There are so many different agendas at play in the Daily Telegraph’s coverage of a brief meeting between SNP leader Nicola Sturgeon and France’s Ambassador, that I need to bring my spin deconstruction skills to the benefit of those trying to make sense of it. Forgive me for the length of this one, but I am doing what Marilyn Monroe ordered in one of her poems …. Think In Ink.
Let’s start with the source. No, not the second level source, namely the UK official who wrote a disputed third hand account, but the primary source, namely the one which brought this to public light, the Daily Telegraph.
The paper is right wing, actively campaigning for a Tory win, and passionately opposed both to Ed Miliband and any threat to the Union. As with its recent story about Tory businessmen supporting the Tories shock horror, served up in a type size normally reserved for nuclear warfare in Thames Ditton, this one is designed as a double hit on two of their enemies – Miliband for daring to want to be a Labour PM, and Sturgeon for wanting a break up of the Union. Oh, and a cursory whack at the French always goes down well.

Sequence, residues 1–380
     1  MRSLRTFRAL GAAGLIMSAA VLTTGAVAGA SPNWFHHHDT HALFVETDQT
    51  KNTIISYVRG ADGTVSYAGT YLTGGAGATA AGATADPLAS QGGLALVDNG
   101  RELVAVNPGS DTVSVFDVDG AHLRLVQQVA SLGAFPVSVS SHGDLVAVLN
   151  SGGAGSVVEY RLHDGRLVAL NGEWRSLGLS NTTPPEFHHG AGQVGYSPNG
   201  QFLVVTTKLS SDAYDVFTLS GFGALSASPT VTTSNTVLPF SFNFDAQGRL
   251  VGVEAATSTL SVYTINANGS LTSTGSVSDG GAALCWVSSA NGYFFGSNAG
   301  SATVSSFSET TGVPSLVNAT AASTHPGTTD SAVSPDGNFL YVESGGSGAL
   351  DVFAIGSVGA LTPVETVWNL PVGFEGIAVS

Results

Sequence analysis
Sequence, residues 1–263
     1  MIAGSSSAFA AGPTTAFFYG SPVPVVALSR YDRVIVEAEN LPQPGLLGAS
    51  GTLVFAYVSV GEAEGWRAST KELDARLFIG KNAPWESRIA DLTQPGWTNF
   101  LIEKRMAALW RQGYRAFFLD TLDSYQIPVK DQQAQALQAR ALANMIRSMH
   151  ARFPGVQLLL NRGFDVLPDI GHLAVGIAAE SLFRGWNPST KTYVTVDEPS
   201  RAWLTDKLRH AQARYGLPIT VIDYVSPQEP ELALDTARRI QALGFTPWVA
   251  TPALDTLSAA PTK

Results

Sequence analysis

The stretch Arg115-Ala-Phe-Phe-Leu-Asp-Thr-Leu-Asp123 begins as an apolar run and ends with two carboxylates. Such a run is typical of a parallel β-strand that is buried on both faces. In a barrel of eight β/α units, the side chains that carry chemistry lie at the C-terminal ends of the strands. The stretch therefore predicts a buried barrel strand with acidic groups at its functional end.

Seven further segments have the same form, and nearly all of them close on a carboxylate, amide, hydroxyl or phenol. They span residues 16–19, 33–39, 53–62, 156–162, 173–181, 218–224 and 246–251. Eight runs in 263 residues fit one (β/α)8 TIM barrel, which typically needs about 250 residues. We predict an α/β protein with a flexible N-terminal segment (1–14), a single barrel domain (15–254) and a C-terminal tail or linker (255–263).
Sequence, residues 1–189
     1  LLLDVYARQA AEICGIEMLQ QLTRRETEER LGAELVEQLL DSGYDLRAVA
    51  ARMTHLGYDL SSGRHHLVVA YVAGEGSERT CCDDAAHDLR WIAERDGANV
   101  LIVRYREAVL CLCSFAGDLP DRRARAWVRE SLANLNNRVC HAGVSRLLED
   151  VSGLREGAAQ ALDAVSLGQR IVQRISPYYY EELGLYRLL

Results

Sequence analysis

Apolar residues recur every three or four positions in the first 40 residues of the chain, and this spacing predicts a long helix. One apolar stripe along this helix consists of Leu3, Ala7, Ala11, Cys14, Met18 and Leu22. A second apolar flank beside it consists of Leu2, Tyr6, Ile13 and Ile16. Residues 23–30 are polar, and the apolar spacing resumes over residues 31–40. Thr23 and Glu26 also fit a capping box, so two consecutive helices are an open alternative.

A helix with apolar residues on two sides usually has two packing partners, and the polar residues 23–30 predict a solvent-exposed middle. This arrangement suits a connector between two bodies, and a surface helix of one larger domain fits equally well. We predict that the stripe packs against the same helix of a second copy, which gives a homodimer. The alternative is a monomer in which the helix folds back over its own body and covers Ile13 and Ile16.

But of course they would not have had a story to print unless someone had served it up to them, so the question arises, who and how? Margaret Thatcher had a view that you cannot trust a French diplomat, but the current French ambassador, Sylvie Bermann, is on the discreet end of the diplomaytic spectrum, and for the life of me I cannot see any benefit in them being plunged into the kind of debate that has been unleashed. I declare the French innocent of all shenanigans.
Now, dear readers, I take you to the nether regions of the dark arts, and the concept known as MTBL. Memo To Be Leaked. The note of the Sturgeon conversations feels to me like one such. In other words, if there is to be a leak inquiry – generally a waste of time, but the Prime Minister and the Foreign Secretary, cough cough, and the Cabinet Secretary, ought to be worried at the ease with which a sensitive account appears to have reached the public domain – then it needs to start with the diplomat who wrote it and the small number of people who saw it.
My hunch is that it fell before the eyes of a politician or a political adviser who saw the obvious political mileage in having a Scottish leader say that Cameron was more Prime Ministerial than Miliband. The whole Tory campaign is founded on two notions – the economy is recovering (sic), and Dave is a stronger leader than Ed (double sic given the mess he has made of the Union, and Britain’s place in the EU.)